Academic Year 2018-2019
Dr. Josef Rauschecker
Where did language come from? Evolutionary precursor mechanisms in the brain of nonhuman primates
With all its uniqueness in humans, language and music must have its evolutionary origins in nonhuman animals. Dr. Rauschecker contends that it makes sense to search for traces of brain mechanisms supporting communication in our closest relatives, nonhuman primates. Monkeys have a well-developed system of communication calls and an auditory cortex that is organized very much like ours. Ventral and dorsal processing streams support similar functions in both the visual and the auditory systems of humans and monkeys. Where then is the difference that makes us human? It appears possible that nonhuman primates possess most of the necessary ingredients for successful communication, but have them to a lesser degree, so they do not reach the critical mass for a full-blown language system. Dr. Rauschecker states that studies using identical techniques in both species may help to bring us closer to an answer.
Dr. Rauschecker's lecture occurred on Thursday, October 5, 4:00 - 5:30 p.m. in Gallaudet University's Merrill Learning Center (Library) B111. View the archived lecture.
Dr. Josef P. Rauschecker is a Professor of Neurology, Physiology and Biophysics, and of Neuroscience at Georgetown University. He is also a Hans Fischer Senior Fellow at the Institute for Advanced Study at the Technical University Munich (Germany). Dr. Rauschecker studied in Munich and Cambridge (UK) and earned his Ph.D. from the Max Planck Institute for Psychiatry in Munich.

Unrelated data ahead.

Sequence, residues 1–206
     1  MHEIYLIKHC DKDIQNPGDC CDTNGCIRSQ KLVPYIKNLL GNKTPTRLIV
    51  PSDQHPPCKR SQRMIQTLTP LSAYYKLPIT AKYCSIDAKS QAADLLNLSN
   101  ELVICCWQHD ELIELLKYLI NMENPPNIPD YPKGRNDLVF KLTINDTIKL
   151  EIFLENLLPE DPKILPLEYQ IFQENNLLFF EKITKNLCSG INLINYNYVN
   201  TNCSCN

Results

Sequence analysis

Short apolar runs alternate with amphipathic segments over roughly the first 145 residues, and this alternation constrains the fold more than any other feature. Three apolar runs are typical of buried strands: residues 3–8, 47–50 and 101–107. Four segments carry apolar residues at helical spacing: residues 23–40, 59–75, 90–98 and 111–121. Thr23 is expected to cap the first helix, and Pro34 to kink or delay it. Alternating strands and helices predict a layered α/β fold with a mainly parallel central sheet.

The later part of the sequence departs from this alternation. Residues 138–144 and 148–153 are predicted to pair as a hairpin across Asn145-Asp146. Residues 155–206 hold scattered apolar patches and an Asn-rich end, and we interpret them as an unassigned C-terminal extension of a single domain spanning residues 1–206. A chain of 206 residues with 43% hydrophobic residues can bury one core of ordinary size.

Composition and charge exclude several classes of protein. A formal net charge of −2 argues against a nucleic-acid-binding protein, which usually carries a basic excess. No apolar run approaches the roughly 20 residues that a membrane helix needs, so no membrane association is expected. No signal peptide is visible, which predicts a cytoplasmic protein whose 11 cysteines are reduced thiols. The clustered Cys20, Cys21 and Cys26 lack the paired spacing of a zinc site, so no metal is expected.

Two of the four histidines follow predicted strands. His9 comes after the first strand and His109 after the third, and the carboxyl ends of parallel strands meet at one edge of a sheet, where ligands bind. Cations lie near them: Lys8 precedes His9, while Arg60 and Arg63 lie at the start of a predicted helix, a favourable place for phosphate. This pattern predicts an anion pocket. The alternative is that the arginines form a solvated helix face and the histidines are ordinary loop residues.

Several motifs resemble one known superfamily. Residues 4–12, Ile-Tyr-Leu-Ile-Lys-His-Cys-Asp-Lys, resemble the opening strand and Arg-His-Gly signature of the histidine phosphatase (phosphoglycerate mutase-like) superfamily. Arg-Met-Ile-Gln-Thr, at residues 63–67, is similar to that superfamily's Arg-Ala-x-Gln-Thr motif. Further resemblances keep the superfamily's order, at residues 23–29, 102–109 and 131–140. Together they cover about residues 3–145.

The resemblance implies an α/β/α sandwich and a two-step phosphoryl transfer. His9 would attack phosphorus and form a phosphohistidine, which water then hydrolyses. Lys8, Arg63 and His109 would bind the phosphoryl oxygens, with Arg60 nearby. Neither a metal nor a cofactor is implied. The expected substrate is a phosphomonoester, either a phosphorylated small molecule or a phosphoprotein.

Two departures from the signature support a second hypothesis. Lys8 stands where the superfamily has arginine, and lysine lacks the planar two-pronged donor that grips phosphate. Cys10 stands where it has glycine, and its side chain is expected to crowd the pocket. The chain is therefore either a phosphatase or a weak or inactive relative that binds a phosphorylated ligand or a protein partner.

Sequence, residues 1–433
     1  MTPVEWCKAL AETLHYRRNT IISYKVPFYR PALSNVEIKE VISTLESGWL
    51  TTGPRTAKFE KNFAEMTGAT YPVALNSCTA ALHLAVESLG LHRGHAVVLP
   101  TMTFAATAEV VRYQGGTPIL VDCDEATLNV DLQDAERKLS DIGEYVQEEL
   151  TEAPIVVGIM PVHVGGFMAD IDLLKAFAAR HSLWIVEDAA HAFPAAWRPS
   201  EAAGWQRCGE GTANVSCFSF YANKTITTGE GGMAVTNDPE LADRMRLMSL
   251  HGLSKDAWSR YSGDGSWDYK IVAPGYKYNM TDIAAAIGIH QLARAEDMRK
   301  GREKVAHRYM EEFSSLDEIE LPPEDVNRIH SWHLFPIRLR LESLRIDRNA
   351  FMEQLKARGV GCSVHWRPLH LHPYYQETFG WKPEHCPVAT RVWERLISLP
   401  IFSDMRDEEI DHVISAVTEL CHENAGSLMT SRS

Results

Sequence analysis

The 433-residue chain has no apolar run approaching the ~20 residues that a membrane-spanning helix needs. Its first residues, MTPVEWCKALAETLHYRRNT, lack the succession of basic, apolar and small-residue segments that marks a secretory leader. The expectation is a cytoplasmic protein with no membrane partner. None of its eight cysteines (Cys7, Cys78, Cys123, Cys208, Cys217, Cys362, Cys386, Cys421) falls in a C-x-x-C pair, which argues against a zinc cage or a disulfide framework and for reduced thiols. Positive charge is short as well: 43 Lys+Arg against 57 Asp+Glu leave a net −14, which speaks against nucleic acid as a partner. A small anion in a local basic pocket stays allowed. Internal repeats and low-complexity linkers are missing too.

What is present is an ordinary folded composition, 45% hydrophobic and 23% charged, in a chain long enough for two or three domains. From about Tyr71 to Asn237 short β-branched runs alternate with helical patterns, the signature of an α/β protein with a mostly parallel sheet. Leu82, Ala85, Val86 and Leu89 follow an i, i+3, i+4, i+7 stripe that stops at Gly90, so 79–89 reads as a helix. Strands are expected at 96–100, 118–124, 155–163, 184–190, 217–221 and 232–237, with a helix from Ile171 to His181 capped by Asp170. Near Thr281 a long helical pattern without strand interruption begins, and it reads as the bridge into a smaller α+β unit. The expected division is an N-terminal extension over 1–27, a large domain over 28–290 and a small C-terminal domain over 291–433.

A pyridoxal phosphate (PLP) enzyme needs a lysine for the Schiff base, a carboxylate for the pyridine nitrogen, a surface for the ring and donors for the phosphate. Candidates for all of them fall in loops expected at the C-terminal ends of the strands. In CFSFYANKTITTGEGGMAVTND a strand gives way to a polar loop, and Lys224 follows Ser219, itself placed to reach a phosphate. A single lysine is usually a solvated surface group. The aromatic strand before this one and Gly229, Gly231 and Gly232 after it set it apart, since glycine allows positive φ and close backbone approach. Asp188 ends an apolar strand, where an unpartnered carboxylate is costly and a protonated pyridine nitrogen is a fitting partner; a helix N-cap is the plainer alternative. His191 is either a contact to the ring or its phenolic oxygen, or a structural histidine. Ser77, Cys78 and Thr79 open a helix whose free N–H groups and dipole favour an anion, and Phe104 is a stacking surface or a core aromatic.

At Georgetown University Medical Center, he helped create the first human functional magnetic resonance imaging (fMRI) research facility. With 35 years of experience in systems and cognitive neuroscience, more than 25 years of experience in animal electrophysiology, and upwards of 15 years of experience with functional magnetic resonance imaging, he now directs the Laboratory of Integrative Neuroscience and Cognition (LINC) and the Program in Cognitive and Computational Sciences (PICCS), which has included partnerships with nine institutions in four countries.
His work is centered on the functional organization and plasticity of the central nervous system in relation to auditory perception or deprivation, and language. He is also interested in the effects of sensory deprivation during brain development with a focus on brain plasticity of individuals with early blindness or deafness.
His research is continuously funded by the National Institutes of Health (USA) and the National Science Foundation (USA). Among the numerous recognitions, he was awarded the Alexander-von-Humboldt Prize of the Federal Republic of Germany in 2002.